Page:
Support the men sporting moustaches this month

Movember is back, in support of prostate health awareness

Movember – yes, that’s spelled correctly – is a global movement of men and women committed to raising awareness about men’s health issues around the world. During November, thousands of guys will be growing moustaches to raise awareness and funds for men’s health. Since 2003, when 30 individuals met in Melbourne, Australia, this movement has grown to almost two million people worldwide who have raised over $300 million to support the men’s health cause. The funds raised in Canada support men’s health, specifically mental health and prostate cancer initiatives.

Why men? The answer is likely that men tend to “deal with” their health concerns differently from women. Whereas women have proactively and publicly addressed their heath issues, this has generally not been so with men. Today, as a consequence, the levels of awareness, the understanding of importance, and funding for men’s health issues like prostate cancer, lag significantly behind causes such as breast cancer awareness, championed by women.

According to Movember, the state of men’s health in Canada is generally poor.

The reasons are many and complex and this is primarily due to a lack of awareness about the kinds of health issues men face. Traditionally, many men have been reluctant to discuss the subject openly, many wrapping it instead with an “I’ll be all right” attitude. For any number of reasons, men are less likely to schedule medical appointments for annual physical check-ups. They are also less likely to learn about their health risks and family history of illness. As a result, opportunity for early detection of and treatment for not only prostate cancer but also other common diseases is lost.

Statistics show that prostate cancer is the most common cancer in Canadian men. One in seven men can expect to develop prostate cancer during his lifetime. Although there is no single cause of prostate cancer, some factors appear to increase the risk of getting it. One factor is aging. Prostate cancer is not very common in men under 50 but the chance increases after 50 and is diagnosed most often in men over 65. A second factor is family history, particularly if a first-degree relative (such as a father or brother) has been diagnosed with the disease. Although other factors, like a diet high in fats, have some association with prostate cancer, further research is needed to clarify the specific role of these factors.

The good news is that prostate cancer is highly curable if caught in its early stages. It’s time to talk with your doctor if you’re a man and 1) will soon be 50 years old, 2) are over 50 and you haven’t yet talked about prostate cancer with your doctor, 3) may be at a higher risk of developing prostate cancer because you have a family history or 4) show symptoms such as changes in bladder habits.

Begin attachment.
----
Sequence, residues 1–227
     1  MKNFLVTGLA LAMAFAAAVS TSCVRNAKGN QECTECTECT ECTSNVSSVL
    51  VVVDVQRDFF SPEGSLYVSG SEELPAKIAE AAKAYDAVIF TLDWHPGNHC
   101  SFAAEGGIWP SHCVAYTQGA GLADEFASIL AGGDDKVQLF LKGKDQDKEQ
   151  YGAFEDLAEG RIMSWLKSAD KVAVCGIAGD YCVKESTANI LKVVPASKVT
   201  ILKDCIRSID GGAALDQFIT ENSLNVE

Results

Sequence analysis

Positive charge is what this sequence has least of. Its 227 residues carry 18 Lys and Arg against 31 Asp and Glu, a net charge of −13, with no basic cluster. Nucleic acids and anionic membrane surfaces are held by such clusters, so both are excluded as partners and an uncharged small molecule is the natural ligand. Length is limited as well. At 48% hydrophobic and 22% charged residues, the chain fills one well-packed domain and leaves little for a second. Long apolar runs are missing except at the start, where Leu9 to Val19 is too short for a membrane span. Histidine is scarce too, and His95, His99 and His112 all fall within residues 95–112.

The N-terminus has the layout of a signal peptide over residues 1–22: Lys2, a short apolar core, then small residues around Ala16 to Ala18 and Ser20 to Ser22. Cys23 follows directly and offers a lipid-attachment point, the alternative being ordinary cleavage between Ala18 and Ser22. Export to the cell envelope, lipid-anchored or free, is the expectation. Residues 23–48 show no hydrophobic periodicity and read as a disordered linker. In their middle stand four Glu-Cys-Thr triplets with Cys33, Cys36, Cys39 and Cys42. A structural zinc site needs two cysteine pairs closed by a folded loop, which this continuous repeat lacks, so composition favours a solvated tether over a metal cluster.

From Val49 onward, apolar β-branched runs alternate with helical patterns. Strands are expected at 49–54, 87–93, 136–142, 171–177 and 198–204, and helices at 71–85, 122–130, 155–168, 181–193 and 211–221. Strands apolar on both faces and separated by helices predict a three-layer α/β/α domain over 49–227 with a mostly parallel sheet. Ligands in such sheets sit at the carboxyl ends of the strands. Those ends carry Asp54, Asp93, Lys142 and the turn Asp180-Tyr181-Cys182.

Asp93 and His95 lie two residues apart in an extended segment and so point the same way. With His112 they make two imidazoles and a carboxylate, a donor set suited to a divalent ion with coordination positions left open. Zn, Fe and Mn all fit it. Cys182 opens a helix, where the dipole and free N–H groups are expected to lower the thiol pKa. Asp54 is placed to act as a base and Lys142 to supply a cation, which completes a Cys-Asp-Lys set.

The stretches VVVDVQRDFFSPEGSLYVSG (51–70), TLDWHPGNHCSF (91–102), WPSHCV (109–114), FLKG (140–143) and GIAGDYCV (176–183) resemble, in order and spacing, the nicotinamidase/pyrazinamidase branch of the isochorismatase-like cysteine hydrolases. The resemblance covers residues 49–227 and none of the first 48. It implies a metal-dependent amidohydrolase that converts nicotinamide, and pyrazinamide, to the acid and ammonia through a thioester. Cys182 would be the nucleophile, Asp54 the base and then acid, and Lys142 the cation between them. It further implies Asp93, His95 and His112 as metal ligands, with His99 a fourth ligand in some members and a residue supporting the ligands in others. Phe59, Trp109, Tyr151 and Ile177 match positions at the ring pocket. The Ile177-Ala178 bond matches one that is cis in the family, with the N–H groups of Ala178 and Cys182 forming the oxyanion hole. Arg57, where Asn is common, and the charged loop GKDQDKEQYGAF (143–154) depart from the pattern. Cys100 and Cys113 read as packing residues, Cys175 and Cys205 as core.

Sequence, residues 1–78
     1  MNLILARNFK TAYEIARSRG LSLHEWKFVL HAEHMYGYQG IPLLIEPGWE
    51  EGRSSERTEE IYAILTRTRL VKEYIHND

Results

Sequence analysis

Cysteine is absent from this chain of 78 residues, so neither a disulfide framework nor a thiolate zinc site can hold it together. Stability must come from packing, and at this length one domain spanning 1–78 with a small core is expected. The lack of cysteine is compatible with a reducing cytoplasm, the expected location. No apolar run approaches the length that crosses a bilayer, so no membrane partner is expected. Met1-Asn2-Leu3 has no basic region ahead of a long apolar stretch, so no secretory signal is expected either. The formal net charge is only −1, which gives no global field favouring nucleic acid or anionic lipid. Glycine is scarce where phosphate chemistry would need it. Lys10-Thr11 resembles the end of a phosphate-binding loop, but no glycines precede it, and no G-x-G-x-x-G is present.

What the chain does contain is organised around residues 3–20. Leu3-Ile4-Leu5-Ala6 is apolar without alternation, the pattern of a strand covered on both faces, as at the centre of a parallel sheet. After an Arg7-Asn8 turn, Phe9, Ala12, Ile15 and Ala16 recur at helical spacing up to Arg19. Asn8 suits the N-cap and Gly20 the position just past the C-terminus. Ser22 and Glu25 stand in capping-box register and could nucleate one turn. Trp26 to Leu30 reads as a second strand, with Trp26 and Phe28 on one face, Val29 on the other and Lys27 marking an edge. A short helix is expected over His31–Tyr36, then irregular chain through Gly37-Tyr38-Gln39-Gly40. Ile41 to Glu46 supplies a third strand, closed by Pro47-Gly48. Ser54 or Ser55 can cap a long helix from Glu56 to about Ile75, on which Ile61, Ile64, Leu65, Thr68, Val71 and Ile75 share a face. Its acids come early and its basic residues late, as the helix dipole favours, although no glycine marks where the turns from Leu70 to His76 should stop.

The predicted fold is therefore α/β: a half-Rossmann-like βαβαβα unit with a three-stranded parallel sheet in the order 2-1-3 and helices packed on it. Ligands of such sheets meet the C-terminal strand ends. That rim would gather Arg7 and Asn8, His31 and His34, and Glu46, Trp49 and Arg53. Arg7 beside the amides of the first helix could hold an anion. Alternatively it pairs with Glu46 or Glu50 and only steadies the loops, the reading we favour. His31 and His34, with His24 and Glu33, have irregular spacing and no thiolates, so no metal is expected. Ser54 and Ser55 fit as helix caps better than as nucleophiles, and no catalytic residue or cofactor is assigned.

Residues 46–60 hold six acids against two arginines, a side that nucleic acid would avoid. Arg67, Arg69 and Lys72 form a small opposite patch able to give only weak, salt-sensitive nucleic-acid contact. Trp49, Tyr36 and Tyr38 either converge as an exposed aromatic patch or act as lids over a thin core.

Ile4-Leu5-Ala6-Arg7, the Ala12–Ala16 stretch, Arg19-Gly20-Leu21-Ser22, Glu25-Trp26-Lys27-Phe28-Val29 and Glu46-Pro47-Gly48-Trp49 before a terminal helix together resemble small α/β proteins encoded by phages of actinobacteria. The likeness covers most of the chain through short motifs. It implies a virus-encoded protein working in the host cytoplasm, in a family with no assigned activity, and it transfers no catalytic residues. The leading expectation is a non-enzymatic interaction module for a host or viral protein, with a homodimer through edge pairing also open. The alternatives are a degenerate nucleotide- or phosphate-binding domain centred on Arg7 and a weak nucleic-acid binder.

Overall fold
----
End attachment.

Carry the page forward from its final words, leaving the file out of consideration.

So, if you happen to see moustaches being sported this November by men who normally have clean-shaven faces, chances are they are working to initiate conversations with and spread awareness among men about issues that can improve men’s health outcomes.

Submitted by Agassiz Community Health (with credit to Movember)

 

 

Just Posted

PHOTOS: Harrison warms up to Christmas

The Lions Club hosts holiday event for community

11 years sought for Burnaby man who killed girlfriend with hammer, burned her body

Manslaughter sentencing hearing starts Monday in BC Supreme Court in Chilliwack for Ryan Armstrong

German-born British Columbian warns against a ‘yes’ vote on proportional representation

Agassiz realtor Freddy Marks says PR in his home country shows party elites can never be voted out

Highest earning staff at Fraser-Cascade School District made public

Also board looks into seat belts on school buses, Marv Cope gets road in his memory

Agassiz teacher’s Amazing Race takes students on Canada-wide adventure

AESS students say they had the experience of a life time

Six students arrested, charged in sex assault probe at Toronto all-boys school

The school’s principal, Greg Reeves, described the video of the alleged sexual assault as ‘horrific’

Cyclist defecates, throws own poop at car following B.C. crash

Man defecates in the street before throwing it at a driver locked in her vehicle

Second person dies following head-on collision in Surrey

Paige Nagata of Abbotsford was in crash on Nov. 4 that also killed maternity nurse

Jamie Koe, other curlers kicked out of bonspiel for being too drunk

‘You don’t kick around other players’ bags, it’s disrespectful and we expect better of our players’

Homicide victim found under B.C. bridge identified as Hells Angels member

Chad John Wilson was one of four men arrested in Spain in 2013 on allegations of smuggling cocaine.

B.C. Sikh temple vandalized with racist graffiti

Racist graffiti was found on the side of the building this morning

Shots fired near Chicago hospital, multiple victims: police

Police say at least one possible offender has been shot

B.C. to allow Uber-style ride hailing services to operate in late 2019

Fee will be applied to fund options for disabled people

Burnaby woman’s car crash death now considered a homicide

Nicole Hasselmann, 34, was killed and a man was sent to hospital after the crash

Most Read